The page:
Gregor and the Marks of Secret doesn’t begin with the reciting of a prophecy—in fact, no one even imagines there is one! Now that Gregor’s mother is stuck in the Underland recovering from the plague, it seems almost the entire family is down there at one time or another, but it’s very laid back and almost fun! But, life doesn’t stay quiet for long for poor Gregor and his sister, Boots, and soon they find themselves racing for their lives instead of having a picnic! The mice need help, but no one can find them! While Gregor and the rest of his comrades search for them, they encounter earthquakes, avalanches, caverns full of active volcanoes, intense air currents, some very angry rats, and even a surprising encounter with some scorpions!
I enjoyed many of the parallels in this novel. At times, I felt I was in the middle of Journey to the Center of the Earth with all the travels through Hades Hall and the Firelands. And I must admit to seeing some similarities to WWII (The Hilter/Nazi regime and concentration camps, specifically), which was very interesting and thought provoking. And with all the singing of the nursery rhymes, it makes you think about the ones that we grew up with (Ring Around The Rosies, for example) and what they truly mean!
The journey of discovery that is made by everyone is also very interesting. Gregor, Luxa, and Howard learn some tough things along their way. Discovering who you are isn’t always a pleasant experience. The importance of stepping back to take a look at yourself through someone else’s eyes and learning to trust your own instincts—or the instincts of others—becomes an eye-opening priority for our heroes.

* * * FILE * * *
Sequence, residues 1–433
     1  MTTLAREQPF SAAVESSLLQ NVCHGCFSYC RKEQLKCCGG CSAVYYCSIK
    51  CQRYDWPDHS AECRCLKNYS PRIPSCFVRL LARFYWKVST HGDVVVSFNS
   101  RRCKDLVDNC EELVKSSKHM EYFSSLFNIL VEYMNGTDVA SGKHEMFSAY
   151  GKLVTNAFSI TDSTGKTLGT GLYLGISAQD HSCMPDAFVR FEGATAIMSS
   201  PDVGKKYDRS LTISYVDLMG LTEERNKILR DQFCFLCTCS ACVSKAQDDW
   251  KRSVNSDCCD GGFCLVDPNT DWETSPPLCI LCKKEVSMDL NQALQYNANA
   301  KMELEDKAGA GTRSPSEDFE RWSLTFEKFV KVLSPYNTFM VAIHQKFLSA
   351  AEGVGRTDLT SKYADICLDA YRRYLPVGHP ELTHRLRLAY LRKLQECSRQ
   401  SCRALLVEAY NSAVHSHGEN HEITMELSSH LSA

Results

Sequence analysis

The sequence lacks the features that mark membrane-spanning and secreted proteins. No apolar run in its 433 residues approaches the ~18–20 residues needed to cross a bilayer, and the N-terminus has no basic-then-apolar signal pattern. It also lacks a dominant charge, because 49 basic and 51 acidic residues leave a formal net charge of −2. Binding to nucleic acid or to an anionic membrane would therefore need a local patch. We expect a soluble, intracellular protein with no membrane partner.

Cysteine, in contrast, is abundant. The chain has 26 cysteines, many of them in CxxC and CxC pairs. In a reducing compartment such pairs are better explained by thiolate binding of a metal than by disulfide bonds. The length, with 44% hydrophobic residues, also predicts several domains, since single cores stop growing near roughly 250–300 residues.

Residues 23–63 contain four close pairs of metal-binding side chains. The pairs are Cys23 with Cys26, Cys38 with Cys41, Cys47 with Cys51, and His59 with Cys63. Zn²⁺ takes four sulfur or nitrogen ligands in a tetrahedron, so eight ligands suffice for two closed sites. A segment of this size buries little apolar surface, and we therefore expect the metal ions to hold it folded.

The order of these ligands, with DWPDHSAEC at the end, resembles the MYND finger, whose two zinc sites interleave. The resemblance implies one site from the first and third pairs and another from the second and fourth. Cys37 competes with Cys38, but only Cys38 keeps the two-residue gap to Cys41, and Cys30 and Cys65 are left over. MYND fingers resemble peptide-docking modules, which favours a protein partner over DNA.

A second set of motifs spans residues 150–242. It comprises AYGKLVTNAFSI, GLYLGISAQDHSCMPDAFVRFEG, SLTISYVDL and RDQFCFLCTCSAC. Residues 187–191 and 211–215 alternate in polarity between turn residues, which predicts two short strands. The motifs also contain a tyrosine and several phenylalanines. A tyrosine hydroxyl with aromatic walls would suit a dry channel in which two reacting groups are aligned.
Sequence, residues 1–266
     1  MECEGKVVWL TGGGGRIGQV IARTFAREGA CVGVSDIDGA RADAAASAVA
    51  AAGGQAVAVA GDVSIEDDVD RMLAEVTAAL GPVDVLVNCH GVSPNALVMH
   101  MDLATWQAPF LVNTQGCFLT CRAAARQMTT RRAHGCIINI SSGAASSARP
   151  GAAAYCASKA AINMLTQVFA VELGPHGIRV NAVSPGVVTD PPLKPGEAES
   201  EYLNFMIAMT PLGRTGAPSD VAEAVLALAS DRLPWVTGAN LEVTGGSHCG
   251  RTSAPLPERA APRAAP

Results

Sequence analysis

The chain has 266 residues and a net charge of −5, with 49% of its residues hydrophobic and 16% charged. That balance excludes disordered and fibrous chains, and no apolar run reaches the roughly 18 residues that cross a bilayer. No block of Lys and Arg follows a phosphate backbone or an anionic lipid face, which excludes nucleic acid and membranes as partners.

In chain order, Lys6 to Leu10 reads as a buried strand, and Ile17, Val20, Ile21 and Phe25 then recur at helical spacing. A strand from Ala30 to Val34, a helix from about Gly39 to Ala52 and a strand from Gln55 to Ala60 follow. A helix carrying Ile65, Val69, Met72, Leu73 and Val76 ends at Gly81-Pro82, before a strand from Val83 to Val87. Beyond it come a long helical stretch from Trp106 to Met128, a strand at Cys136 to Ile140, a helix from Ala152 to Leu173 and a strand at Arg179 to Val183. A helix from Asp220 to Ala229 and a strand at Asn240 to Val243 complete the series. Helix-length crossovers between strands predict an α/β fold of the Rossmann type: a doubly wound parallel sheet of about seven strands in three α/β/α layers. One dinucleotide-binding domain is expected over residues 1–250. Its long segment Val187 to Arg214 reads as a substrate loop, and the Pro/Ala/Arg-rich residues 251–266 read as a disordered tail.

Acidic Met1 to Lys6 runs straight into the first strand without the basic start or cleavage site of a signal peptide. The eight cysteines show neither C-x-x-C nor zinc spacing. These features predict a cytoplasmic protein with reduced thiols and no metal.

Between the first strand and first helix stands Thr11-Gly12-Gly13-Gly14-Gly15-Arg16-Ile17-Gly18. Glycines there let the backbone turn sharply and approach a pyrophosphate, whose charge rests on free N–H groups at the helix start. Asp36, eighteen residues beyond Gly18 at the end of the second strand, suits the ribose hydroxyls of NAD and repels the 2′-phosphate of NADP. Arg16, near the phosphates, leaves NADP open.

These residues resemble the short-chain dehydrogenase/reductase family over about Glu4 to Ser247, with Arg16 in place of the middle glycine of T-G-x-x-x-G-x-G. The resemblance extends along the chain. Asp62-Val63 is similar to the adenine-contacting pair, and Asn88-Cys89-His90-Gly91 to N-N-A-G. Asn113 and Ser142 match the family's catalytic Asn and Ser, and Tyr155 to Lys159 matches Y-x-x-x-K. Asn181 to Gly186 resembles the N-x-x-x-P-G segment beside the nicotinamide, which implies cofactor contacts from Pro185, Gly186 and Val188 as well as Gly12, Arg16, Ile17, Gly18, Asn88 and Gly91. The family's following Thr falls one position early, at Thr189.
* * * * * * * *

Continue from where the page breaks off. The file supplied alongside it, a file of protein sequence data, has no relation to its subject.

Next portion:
I am constantly amazed at how Suzanne Collins can come up with such amazing stories. You think you know where you’re headed, but then something new pops up and you’re on a completely different route! It is fun and full of adventure—I can’t wait to see where the final chapter takes me!
Gregor and the Marks of Secret is another installment that is free of any sexual content, and has only one word that could be construed as profanity, as well as a few crude references to the rear end of some fireflies.
There is violence once again. There is a very unbalanced character who kills another character and fights with many. There is one incidence of cannibalism (a rat eats a rat). The rats are always trying to kill others, especially one specific character. Characters are attacked by snakes, and the battle that ensues is intense. Marks are left by characters on walls or other surfaces that signify a death sentence. A specific group is targeted and forced from their homes—they are killed en masse in two different instances: Once by pushing all of them off a cliff; another when they are all killed by poison gas inside a volcano crater. A character dies from poison gas from the volcanoes.
Mature Subject Matter:
Mature themes included arranged marriages and life choices.
Alcohol / Drug Use: